The case for regulating intragenic gmos

This paper discusses the ethical and regulatory issues raised by “intragenics” – organisms that have been genetically modified using gene technologies, but that do not contain DNA from another species. Considering the rapid development of knowledge about gene regulation and genomics, we anticipate rapid advances in intragenic methods. Of regulatory systems developed to govern genetically modified organisms (GMOs) in North America, Europe, Australia, and New Zealand, the Australian system stands out in explicitly excluding intragenics from regulation. European systems are also under pressure to exclude intragenics from regulation. We evaluate recent arguments that intragenics are safer and more morally acceptable than transgenic organisms, and more acceptable to the public, which might be thought to justify a lower standard of regulation. We argue that the exemption of intragenics from regulation is not justified, and that there may be significant environmental risks associated with them. We conclude that intragenics should be subject to the same standard of regulation as other GMOs.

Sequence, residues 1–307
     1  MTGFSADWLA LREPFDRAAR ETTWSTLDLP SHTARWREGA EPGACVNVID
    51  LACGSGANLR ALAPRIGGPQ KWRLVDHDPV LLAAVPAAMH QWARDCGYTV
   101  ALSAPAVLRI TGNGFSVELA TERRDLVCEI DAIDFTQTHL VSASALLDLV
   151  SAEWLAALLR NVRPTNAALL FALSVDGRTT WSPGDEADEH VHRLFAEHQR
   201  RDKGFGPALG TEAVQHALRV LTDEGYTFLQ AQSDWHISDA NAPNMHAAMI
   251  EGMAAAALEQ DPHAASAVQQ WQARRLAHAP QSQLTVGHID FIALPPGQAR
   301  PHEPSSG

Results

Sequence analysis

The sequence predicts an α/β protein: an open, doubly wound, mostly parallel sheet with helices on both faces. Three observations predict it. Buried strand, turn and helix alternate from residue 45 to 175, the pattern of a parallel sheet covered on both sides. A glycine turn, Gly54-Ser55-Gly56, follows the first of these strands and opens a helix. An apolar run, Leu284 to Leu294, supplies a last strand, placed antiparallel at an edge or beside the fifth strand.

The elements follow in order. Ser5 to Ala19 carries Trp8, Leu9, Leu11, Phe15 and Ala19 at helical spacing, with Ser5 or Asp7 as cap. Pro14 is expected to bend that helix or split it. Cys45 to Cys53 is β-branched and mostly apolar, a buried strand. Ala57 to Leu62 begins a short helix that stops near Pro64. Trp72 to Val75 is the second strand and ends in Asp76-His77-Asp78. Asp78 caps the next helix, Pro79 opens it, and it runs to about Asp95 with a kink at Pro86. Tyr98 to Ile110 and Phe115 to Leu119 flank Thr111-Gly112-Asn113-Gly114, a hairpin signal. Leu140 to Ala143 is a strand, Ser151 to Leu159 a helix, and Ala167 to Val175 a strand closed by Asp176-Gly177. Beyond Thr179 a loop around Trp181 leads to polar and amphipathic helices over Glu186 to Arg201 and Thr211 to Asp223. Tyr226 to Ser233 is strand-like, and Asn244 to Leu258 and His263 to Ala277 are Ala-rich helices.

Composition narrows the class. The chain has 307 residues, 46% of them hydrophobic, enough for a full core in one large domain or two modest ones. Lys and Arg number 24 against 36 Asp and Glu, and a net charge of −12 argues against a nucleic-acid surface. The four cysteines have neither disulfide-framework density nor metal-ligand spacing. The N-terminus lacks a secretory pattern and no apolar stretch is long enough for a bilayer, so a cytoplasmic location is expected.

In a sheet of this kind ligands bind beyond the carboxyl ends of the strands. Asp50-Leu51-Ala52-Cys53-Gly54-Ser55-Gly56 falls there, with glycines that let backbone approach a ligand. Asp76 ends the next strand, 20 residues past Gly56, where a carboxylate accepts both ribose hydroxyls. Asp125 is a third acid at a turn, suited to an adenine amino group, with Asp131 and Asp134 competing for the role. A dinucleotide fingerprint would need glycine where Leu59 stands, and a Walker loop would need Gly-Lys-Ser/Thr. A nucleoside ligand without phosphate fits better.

Keywords consumers  environment  ethics  genetically modified organisms  intragenics  nature  regulation  safety
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DOI 10.1007/s10806-007-9074-5
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References found in this work BETA
Lawrence Busch (2002). The Homiletics of Risk. Journal of Agricultural and Environmental Ethics 15 (1):17-29.
Mark Sagoff (2002). Intellectual Property and Products of Nature. American Journal of Bioethics 2 (3):12 – 13.

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